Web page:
Review: Sparks / Cert: 15 / Director: Christopher Folino, Todd Burrows / Screenplay: Christopher Folino / Starring: Chase Williamson, Ashley Bell, Clancy Brown, William Katt, Jake Busey, Clint Howard / Release Date: April 7th
Adapted from Folino’s graphic novel of the same name, Sparks is a low-budget, gritty, noir superhero story that is a delightful change of pace from the big summer superhero blockbusters that we’ve become accustomed to. Not to say that those epic extravaganzas are a bad thing, it’s just refreshing to see somebody make something so fulfilling for such a relatively small cost – and that is where Sparks comes into its own.
Set in the 1940s, the story follows titular hero Ian Sparks (Williamson) in a tangled web of action, romance and atmospheric charm. After a horrific accident leaves Sparks orphaned, we get to see the young hero-in-waiting taking his first baby steps towards protecting the innocent. During this time, we also get to meet Sparks’ supportive grandmother (Lynne Marie Stewart) and a concerned police officer, Archer (Brown). Sparks is a hero who has no superpowers to speak of, just the ability to fight the good fight and take one hell of a beating. Starting in his local town, taking down minor thugs, it’s not long before Sparks sets his sights on something bigger.
Graduating to the streets of the big city, Sparks begins to team with Lady Heavenly (Bell), a sultry, sexy ass-kicker who quickly becomes Sparks’ significant other. Joined by Sledge (Busey), the team do their best to keep the streets clean, although the apparent reappearance of the twisted, perverted Metanza (Katt) sends Sparks off the deep end, losing everything that he holds dear and sending him down a path of self-destruction. Out to clear his name and erase his demons, Sparks’ story literally unravels before our eyes as he tells his tale to the Daily Chronicle’s editor (Howard).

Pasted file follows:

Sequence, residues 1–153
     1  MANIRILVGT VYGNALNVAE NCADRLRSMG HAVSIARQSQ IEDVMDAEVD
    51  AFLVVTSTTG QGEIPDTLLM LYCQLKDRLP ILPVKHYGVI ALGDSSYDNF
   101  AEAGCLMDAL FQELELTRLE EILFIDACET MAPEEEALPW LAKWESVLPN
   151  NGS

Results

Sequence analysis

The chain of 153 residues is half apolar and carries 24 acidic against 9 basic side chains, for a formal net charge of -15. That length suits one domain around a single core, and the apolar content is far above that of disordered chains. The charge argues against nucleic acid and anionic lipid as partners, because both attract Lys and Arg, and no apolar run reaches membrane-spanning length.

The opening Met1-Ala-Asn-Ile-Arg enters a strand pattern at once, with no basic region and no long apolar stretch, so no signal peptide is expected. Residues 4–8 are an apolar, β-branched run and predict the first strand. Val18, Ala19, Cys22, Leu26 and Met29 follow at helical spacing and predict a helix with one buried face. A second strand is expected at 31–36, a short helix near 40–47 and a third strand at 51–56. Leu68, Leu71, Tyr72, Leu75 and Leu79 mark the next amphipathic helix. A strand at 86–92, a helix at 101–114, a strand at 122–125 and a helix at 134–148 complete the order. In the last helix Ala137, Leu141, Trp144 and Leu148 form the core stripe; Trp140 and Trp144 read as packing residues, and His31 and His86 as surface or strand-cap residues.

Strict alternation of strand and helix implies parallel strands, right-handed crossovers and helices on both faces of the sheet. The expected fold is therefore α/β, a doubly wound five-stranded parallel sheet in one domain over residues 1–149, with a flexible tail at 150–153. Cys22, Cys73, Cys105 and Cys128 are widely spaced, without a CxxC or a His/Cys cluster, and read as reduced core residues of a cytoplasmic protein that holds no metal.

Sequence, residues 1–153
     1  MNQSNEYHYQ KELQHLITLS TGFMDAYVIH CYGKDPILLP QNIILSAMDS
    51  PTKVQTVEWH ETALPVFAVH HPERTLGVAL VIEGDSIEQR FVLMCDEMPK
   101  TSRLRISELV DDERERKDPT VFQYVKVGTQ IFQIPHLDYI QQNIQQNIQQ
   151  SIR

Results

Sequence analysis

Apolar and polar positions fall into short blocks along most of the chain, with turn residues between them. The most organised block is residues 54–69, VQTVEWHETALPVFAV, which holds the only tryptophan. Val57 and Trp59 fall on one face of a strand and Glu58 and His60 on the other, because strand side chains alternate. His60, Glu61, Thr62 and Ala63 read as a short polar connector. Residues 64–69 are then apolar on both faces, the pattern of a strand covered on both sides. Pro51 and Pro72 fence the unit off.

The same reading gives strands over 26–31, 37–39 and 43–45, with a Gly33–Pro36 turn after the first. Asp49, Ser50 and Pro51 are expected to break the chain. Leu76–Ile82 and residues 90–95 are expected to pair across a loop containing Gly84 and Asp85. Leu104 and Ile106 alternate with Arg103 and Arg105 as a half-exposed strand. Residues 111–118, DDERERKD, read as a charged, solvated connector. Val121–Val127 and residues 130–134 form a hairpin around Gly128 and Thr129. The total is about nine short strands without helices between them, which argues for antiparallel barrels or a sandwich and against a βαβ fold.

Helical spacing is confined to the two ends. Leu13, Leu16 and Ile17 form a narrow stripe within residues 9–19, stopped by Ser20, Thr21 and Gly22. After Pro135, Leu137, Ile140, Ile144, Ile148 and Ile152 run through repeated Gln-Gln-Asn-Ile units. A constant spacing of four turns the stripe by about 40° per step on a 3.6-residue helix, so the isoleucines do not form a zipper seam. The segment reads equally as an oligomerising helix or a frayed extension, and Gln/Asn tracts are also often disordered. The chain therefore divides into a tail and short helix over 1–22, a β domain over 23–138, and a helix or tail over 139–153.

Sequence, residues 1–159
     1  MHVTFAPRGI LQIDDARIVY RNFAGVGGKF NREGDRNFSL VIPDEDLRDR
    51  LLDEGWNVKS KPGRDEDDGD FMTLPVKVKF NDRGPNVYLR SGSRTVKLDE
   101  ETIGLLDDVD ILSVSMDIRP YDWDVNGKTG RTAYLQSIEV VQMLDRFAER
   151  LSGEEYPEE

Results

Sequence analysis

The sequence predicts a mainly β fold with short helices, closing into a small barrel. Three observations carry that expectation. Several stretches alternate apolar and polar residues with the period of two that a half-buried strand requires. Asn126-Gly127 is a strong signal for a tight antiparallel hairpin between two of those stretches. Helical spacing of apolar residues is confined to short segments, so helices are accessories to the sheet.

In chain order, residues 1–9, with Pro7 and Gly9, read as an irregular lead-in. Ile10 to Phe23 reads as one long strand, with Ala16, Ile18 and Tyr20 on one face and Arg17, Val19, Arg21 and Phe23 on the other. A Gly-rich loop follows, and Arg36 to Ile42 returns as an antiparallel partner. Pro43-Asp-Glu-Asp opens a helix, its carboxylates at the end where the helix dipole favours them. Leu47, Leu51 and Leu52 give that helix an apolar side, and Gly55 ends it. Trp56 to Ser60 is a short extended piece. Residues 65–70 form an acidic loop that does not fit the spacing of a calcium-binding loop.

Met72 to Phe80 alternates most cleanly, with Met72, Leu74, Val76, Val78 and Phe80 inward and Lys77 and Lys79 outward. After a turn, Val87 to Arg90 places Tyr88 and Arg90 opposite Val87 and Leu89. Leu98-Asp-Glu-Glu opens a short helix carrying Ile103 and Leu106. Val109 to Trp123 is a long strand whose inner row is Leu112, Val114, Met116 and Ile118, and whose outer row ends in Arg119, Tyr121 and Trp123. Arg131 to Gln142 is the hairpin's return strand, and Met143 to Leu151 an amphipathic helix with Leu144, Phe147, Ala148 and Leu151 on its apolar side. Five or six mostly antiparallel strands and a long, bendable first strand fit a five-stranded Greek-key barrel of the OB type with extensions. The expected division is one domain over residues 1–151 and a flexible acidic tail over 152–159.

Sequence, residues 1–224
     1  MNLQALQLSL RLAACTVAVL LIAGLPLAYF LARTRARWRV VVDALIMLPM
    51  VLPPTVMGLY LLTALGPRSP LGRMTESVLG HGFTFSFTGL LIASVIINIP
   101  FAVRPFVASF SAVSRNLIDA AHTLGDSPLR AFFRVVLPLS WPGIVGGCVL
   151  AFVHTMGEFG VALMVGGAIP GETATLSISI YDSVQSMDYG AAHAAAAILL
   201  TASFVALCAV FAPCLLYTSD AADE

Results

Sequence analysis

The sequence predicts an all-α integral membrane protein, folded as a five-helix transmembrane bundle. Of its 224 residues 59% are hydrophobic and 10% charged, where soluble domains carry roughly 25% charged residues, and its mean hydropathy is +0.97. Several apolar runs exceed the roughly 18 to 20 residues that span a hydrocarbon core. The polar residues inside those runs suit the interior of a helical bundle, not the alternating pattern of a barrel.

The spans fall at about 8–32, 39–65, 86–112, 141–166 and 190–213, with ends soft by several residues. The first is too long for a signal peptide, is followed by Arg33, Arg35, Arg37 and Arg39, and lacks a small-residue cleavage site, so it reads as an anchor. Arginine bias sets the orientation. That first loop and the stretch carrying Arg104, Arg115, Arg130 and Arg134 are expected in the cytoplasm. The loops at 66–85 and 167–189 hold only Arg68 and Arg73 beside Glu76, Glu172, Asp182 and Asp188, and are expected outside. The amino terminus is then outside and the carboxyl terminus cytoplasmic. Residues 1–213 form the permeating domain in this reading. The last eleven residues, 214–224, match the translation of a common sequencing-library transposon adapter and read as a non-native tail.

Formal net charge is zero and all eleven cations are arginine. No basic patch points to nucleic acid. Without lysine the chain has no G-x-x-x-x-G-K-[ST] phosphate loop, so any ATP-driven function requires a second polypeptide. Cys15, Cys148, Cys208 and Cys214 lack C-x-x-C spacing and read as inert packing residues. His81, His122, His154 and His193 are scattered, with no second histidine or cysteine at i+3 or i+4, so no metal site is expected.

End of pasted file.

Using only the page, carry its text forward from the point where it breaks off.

Sparks succeeds where so many bigger budget movies fail – anybody remember The Spirit? – in that it manages to balance style and substance. Aesthetically pulling from the likes of Sin City and Watchmen, the movie is a unique entity. Using low-fi SFX work to give a gritty, rough-around-the-edges feel, Sparks makes the best of what it has. With a well-delivered, intriguing story combined with multi-layered characters and a tone that makes Gotham City’s gargoyles look like singing angels, Sparks is the superhero genre’s dirty little secret.
Full of great performances from a fantastic cast, particularly the ever-charismatic Clancy Brown, Sparks is as stylish as it is disturbing, and Foloni and Burrows’ film delivers a villain as sadistic as they come. Throw in a Hans Zimmer-esque score and you have a gem of a film. Whereas other low-budget superhero flicks, like All Superheroes Must Die, often come off as low in quality, Sparks gets the most out of everything at its disposal, creating a massively satisfying and enjoyable movie that’s worth hunting down.
Extras: Audio Commentary / The Making of Sparks / Deleted Scene.